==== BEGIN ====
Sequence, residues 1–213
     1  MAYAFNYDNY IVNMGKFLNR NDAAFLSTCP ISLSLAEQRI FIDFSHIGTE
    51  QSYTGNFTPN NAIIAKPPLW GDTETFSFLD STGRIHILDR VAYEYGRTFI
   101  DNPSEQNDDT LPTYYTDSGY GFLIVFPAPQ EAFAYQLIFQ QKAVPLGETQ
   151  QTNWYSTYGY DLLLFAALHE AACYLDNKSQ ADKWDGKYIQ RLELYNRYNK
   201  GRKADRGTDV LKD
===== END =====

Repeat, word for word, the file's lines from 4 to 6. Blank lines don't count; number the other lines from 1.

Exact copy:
   101  DNPSEQNDDT LPTYYTDSGY GFLIVFPAPQ EAFAYQLIFQ QKAVPLGETQ
   151  QTNWYSTYGY DLLLFAALHE AACYLDNKSQ ADKWDGKYIQ RLELYNRYNK
   201  GRKADRGTDV LKD